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I've started using vimdiff today, and wanted to do some of the things that I've taken for granted on Windows based diff editors (like expand/collapse a diff section, have full file expansion/only diffs with 3 context lines above or below, etc.). I currently know only the following commands :

Keyboard Shortcuts:

  • do - Get changes from other window into the current window.

  • dp - Put the changes from current window into the other window.

  • ]c - Jump to the next change.

  • [c - Jump to the previous change.

  • Ctrl+W, w - Switch to the other split window (CTRL-W CTRL-W does the same thing, in case you let go of the CTRL key a bit later)

Could someone point me to the right direction so I could replicate similar features?

It would be nice if I could expand/collapse lines around the diffs, for example.

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For a shortcut to add/revert a long list of changes, refer to – TCSGrad May 25 '11 at 4:25
Its amusing to see the question being closed after more than 4 years, with it being the top 3 posts when 'vimdiff' is googled! – TCSGrad May 29 at 1:19

3 Answers 3

up vote 169 down vote accepted

Aside from the ones you mention, I only use frequently when diffing the following:

  • :diffupdate :diffu -> recalculate the diff, useful when after making several changes vim's isn't showing minimal changes anymore. Note that it only works if the files have been modified inside vimdiff. Otherwise, use:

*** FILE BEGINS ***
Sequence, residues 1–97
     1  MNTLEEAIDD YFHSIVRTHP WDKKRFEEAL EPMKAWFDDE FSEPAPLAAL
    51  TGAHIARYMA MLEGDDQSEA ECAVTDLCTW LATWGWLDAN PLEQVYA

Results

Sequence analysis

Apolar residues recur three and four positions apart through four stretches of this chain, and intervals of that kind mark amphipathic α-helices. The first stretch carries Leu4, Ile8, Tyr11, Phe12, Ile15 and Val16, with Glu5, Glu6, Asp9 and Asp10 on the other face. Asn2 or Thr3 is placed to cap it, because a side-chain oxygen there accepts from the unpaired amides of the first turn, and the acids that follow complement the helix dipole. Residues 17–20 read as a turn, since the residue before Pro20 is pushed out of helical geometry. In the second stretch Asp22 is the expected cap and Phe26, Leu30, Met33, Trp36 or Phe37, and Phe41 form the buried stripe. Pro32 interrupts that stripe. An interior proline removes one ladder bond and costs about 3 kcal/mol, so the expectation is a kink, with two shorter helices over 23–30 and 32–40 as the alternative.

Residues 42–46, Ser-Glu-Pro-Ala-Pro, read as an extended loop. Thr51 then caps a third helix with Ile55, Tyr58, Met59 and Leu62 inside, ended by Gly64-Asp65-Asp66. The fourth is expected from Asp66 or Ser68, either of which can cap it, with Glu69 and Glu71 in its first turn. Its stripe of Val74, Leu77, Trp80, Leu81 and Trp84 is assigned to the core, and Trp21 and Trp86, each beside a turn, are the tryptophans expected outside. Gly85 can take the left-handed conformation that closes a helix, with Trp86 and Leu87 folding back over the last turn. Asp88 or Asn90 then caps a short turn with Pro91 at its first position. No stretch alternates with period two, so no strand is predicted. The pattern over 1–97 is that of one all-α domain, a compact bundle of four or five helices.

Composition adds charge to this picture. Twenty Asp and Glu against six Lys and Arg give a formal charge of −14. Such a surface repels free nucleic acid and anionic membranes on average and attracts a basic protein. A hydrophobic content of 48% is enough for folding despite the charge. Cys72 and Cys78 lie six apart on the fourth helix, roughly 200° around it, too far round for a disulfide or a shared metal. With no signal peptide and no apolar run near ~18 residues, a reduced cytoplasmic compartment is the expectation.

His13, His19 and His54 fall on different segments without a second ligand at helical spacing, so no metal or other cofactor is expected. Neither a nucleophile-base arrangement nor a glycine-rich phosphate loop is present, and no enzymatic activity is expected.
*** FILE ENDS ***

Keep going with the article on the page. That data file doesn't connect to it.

• :e to reload the files if they have been modified outside of vimdiff.
  • :set noscrollbind -> temporarily disable simultaneous scrolling on both buffers, reenable by :set scrollbind and scrolling.

Most of what you asked for is folding: vim user manual's chapter on folding. Outside of diffs I sometime use:

  • zo -> open fold.
  • zc -> close fold.

But you'll probably be better served by:

  • zr -> reducing folding level.
  • zm -> one more folding level, please.

or even:

  • zR -> Reduce completely the folding, I said!.
  • zM -> fold Most!.

The other thing you asked for, use n lines of folding, can be found at the vim reference manual section on options, via the section on diff:

  • set diffopt=<TAB>, then update or add context:n.

You should also take a look at the user manual section on diff.

share|improve this answer
Very comprehensive indeed !! I'd check out the links you've said, but keeping the question open for couple more days to see if I get more replies (I posted on a weekend, and not many people would be active then). – TCSGrad Mar 14 '11 at 5:50
By the way, do you know if vimdiff can be used for merging/3-way resolving etc ? It would be really great then !! – TCSGrad Mar 16 '11 at 8:54
@shan23 For 3-way merging (for git), check this out. There are comments there on svn too. Still trying to figure out the commands when you have 4 buffers though (do/dp don't work). – quornian Mar 29 '12 at 23:23

Actually if you do Ctrl+W W, you won't need to add that extra Ctrl. Does the same thing.

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I find ^W ^W a lot faster to type quickly than ^W w. – hobbs Jan 18 '13 at 3:17
Thought this would be worth mentioning – ankr Oct 9 '14 at 13:05

set vimdiff to ignore case

Having started vim diff with

 gvim -d main.sql backup.sql &

I find that annoyingly one file has MySQL keywords in lowercase the other uppercase showing differences on practically every other line

:set diffopt+=icase

this updates the screen dynamically & you can just as easily switch it off again

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